Random breath tests illegal, Kenyan court rules

A Kenyan police-officer tests the alcohol-intake of a driver in this 23, December 2005 photo in Nairobi Image copyright AFP

Kenyans can no longer be charged after a breathalyser test, after a bar owner argued they were ruining his business.

Kariuki Ruitha complained they violated Kenyans’ constitutional rights to make their own lifestyle decisions – including how much to drink.

After a three-year battle, the Court of Appeal ruled in his favour.

Kenya has some of the most dangerous roads in the world, with 1,574 people dying in accidents in the first half of 2016 alone.

Sitting in the Court of Appeal, the three judges said drink drivers could still be charged under traffic laws – at which point a breathalyser can be used.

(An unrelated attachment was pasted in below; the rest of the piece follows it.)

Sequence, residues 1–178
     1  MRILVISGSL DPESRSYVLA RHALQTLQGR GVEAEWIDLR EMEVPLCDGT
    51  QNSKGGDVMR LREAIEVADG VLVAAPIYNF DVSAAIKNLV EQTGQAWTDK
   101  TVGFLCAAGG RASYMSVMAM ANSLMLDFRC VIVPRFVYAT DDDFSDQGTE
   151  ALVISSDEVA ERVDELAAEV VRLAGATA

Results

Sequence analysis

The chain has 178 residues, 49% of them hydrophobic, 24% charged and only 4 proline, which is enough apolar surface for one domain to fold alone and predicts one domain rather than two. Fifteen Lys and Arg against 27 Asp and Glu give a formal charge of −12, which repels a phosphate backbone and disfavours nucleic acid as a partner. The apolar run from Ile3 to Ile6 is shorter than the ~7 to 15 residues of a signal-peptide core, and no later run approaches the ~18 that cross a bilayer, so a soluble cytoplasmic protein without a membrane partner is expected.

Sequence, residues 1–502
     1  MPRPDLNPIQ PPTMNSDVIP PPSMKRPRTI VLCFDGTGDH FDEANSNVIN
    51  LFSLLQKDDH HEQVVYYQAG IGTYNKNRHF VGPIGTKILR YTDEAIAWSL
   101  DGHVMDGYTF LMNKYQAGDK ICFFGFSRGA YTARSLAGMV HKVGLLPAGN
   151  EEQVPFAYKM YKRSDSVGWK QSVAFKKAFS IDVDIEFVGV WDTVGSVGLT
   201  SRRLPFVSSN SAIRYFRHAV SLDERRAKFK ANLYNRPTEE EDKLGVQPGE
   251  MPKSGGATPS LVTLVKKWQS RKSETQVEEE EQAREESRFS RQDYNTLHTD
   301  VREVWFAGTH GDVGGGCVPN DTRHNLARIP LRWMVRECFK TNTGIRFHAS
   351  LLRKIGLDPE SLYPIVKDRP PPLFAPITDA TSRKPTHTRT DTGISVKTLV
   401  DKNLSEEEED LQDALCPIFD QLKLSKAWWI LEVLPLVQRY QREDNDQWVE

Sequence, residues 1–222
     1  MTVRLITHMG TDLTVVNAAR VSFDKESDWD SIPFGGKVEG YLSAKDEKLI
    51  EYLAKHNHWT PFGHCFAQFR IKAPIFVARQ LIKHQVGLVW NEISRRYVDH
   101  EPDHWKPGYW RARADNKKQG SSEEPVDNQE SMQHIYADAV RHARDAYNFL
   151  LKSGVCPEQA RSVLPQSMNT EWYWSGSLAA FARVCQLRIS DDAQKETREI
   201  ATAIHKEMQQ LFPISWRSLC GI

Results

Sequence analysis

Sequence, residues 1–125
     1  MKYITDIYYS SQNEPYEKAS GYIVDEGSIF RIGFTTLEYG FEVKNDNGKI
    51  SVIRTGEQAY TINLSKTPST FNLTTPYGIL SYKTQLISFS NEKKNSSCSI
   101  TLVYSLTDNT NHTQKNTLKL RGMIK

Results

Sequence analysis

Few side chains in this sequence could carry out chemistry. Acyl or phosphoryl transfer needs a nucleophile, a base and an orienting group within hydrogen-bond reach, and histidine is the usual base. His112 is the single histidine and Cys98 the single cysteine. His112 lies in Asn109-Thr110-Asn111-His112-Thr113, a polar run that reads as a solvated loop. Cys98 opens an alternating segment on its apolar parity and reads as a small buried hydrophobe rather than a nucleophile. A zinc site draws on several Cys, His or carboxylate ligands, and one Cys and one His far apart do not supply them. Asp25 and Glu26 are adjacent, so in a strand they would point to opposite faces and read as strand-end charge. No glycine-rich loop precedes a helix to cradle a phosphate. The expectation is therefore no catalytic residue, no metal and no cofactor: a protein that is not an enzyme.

‘Oppressive and unreasonable’

According to local media reports, Mr Ruitha, who owns a bar in Nairobi, first brought the case to trial more than three years ago, when he sued the Minister for Transport.

He had lost 80% of his business because customers were being breathalysed as they left the premises – leading to him lay off 44 employees, The Star reported.

In 2014, his lawyer described the rules as “oppressive and unreasonable” if someone had not already committed a driving offence.

His argument was backed up by a second bar owner, who had originally launched a separate case.

However, their victory may be short-lived. The judges have sent the law back to parliament to be rewritten.

“As the need to prohibit drunk-driving is still dire, and this matter being of great public interest, no doubt the authorities will move with quick dispatch to remedy the position,” they urged, website MediaMax reported.

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